From Maputo, Mozambique, Marta [pt] has been publishing April 25 inspired posts all day with poems, links to video and images, such as the one above.

From Macau, Leocardo [pt] explains the relationship society has with the historic day:

Em Macau o Dia de Cravos bateu com pouca força. É uma sociedade muito conservadora que se pela pelos santinhos, missas e procissões. Talvez seja por isso que alguma da beatada da metrópole se deu tão bem com os ares de cá. Talvez por isso não compreendam que afinal é o povo quem mais ordenha (ordena, bolas!). As actividades do 25/4 resumem-se ao feriado no Consulado, da Escola Portuguesa, e ao protocolo da praxe. Sempre presentes estão os habituais papa-eventos, que vão lá seja qual for o orador.

In Macau, the Carnations Day hit with little impact. It is a very conservative society which goes after little saint images, masses and processions. Perhaps it is why some of the church-blissful ones from the metropolis did so well with the airs over here. Perhaps that is why they don't understand that it actually is the people who do most milking (I mean who order!). The activities of the 25/4 holiday are held in the consulate, in the Portuguese School, and follow the usual protocol. There will be the usual party-goes, who will be there whoever the speaker is.

[Note: the blogger makes a very difficult to translate wordplay with ordenha/ordena, which sound very similar in Portuguese but the first means to milk an animal, and the second to order, to be in charge. The word Ordena was used in a then banned song by José Afonso, Grândola Vila Morena, broadcast on a radio station as a kind of password on the morning of April 25 to signalize to the troops that the day had come, as Brazilian blogger Elisabete Cunha [pt] quotes in a very elaborated post].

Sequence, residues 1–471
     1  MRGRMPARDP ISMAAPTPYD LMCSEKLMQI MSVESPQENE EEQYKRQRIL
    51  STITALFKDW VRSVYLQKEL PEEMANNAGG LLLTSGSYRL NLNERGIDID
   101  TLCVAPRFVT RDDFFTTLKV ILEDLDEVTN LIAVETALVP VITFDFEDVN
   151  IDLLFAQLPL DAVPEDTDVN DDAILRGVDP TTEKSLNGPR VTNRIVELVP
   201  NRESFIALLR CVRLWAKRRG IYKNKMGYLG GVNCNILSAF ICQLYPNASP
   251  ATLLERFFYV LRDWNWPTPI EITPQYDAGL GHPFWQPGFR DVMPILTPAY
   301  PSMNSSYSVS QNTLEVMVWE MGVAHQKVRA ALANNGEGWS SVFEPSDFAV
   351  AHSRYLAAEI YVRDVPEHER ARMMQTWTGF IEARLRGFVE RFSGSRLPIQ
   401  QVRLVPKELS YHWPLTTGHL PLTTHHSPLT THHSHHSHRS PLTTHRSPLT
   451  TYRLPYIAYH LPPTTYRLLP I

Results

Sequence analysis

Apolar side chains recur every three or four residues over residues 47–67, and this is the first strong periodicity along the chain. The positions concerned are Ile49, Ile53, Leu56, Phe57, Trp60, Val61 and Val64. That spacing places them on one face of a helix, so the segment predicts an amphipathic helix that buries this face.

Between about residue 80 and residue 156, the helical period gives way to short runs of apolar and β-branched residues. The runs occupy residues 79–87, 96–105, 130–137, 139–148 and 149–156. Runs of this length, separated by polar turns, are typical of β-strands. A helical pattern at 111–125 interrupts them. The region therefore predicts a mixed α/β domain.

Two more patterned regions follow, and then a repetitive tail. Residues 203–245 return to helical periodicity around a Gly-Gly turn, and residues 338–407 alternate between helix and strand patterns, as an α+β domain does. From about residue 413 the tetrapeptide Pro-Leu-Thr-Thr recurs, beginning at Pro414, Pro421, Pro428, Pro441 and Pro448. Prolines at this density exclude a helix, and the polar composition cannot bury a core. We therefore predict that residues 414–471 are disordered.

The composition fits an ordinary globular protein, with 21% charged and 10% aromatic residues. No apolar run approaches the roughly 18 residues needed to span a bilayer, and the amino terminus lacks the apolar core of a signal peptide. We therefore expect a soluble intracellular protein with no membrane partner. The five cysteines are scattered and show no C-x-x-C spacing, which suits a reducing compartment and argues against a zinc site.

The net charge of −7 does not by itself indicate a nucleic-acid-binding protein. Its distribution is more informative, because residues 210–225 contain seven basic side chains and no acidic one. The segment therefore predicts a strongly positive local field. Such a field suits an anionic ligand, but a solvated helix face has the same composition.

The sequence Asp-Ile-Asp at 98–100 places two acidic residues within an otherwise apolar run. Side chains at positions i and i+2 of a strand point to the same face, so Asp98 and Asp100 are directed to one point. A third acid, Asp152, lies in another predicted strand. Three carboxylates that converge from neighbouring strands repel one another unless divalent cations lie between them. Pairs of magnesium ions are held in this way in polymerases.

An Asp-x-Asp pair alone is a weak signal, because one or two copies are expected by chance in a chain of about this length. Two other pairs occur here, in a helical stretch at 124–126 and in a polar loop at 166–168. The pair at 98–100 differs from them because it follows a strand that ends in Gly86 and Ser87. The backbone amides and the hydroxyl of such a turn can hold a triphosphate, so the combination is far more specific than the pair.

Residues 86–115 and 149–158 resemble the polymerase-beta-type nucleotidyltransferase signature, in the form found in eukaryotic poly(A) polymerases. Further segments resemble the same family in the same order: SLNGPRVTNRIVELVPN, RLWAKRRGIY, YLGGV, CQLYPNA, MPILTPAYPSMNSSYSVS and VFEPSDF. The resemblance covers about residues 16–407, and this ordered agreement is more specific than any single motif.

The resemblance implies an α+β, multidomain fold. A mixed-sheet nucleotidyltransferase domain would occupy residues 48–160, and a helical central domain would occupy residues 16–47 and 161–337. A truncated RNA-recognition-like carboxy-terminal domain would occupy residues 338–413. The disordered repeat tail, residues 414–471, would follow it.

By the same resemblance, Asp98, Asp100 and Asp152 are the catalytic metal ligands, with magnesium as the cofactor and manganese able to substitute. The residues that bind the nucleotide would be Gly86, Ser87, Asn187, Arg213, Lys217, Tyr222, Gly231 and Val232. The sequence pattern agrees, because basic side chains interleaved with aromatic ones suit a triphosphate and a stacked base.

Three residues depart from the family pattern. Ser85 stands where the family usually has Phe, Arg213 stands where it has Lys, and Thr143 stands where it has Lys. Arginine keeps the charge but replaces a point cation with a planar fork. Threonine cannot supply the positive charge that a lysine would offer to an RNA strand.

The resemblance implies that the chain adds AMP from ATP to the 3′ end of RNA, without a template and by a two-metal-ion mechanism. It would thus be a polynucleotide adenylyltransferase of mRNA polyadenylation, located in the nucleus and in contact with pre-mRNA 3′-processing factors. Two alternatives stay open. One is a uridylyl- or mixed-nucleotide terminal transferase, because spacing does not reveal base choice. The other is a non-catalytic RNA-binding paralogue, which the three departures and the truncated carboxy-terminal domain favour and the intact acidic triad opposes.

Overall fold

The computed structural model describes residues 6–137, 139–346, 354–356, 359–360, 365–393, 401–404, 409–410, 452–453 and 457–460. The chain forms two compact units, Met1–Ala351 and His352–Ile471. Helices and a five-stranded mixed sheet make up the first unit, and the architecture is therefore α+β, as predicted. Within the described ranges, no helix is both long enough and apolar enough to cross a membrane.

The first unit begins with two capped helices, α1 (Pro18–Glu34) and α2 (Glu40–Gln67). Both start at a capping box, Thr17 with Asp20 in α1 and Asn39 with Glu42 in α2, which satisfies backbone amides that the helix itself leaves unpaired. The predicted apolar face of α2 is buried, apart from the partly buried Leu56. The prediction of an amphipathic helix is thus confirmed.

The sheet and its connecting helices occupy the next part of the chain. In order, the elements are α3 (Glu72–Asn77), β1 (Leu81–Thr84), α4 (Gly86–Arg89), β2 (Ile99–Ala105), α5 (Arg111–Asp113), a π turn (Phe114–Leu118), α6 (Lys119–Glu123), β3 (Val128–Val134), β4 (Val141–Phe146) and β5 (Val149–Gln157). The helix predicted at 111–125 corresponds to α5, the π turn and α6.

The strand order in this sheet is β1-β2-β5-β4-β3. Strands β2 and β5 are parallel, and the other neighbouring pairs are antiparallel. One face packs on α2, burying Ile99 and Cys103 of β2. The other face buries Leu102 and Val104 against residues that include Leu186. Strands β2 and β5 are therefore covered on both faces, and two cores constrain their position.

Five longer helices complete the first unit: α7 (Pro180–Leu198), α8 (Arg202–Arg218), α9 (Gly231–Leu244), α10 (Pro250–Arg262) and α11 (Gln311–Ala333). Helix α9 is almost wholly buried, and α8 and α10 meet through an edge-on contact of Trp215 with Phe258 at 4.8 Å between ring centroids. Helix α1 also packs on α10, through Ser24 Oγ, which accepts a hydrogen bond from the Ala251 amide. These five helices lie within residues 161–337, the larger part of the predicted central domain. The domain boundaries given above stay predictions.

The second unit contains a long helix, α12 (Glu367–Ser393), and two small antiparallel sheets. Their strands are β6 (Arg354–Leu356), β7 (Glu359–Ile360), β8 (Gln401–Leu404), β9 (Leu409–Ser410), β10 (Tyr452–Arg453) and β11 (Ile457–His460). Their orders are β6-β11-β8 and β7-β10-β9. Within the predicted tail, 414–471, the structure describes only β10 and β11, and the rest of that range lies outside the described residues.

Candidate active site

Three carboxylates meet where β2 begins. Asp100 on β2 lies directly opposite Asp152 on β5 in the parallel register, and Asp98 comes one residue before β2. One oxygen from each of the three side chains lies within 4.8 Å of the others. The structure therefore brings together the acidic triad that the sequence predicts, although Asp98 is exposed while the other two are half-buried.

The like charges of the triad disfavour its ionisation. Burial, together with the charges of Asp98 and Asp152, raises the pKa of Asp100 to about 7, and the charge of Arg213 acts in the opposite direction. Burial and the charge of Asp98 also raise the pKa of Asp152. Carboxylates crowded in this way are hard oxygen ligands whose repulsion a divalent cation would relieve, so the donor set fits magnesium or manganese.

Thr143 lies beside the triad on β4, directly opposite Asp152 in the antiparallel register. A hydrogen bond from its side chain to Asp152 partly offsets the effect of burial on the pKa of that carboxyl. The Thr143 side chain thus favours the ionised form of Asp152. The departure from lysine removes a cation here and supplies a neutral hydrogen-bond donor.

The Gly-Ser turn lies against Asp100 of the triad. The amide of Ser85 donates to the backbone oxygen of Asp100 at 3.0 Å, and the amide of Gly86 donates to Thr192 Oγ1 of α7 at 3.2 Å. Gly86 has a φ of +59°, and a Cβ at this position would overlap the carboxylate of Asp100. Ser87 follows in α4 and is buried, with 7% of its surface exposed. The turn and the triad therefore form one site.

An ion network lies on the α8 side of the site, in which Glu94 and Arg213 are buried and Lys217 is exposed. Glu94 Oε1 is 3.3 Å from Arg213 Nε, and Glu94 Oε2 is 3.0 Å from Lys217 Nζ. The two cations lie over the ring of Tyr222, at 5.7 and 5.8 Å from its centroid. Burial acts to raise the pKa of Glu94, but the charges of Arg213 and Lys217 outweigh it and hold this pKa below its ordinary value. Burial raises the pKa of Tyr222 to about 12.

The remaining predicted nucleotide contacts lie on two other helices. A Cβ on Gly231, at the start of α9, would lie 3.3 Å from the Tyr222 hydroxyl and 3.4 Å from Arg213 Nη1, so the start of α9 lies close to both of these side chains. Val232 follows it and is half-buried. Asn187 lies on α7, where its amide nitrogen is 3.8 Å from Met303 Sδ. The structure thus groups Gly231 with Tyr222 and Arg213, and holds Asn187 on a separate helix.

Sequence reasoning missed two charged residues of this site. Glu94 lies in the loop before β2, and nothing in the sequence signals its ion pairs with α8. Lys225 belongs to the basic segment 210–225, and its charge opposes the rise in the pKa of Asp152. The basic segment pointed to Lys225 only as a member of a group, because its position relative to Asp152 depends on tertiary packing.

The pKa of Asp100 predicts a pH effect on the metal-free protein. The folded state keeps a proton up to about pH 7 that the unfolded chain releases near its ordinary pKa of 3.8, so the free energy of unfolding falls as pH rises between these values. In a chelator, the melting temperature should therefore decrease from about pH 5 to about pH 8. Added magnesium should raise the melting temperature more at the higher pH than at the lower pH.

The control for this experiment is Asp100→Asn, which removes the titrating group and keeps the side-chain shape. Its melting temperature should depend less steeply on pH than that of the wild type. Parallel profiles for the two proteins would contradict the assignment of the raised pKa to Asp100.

From East Timor, Frederico Duarte Carvalho [pt] suggests a book by Nuno Simas which shows how the US knew exactly what was going on in Portugal, unlike the popular belief:

Podem encontrar aqui os originais dos arquivos norte-americanos. O Nuno Simas, contudo, começa o livro com a defesa da versão oficial de que os EUA estavam a “leste” em relação ao golpe que preparava para o dia 25 de Abril de 1974 e, mais à frente, cita Henry Kissinger a queixar-se de que os EUA não tinham de andar a prever golpes pelo mundo fora. Dito assim, parece mesmo que nada se sabia…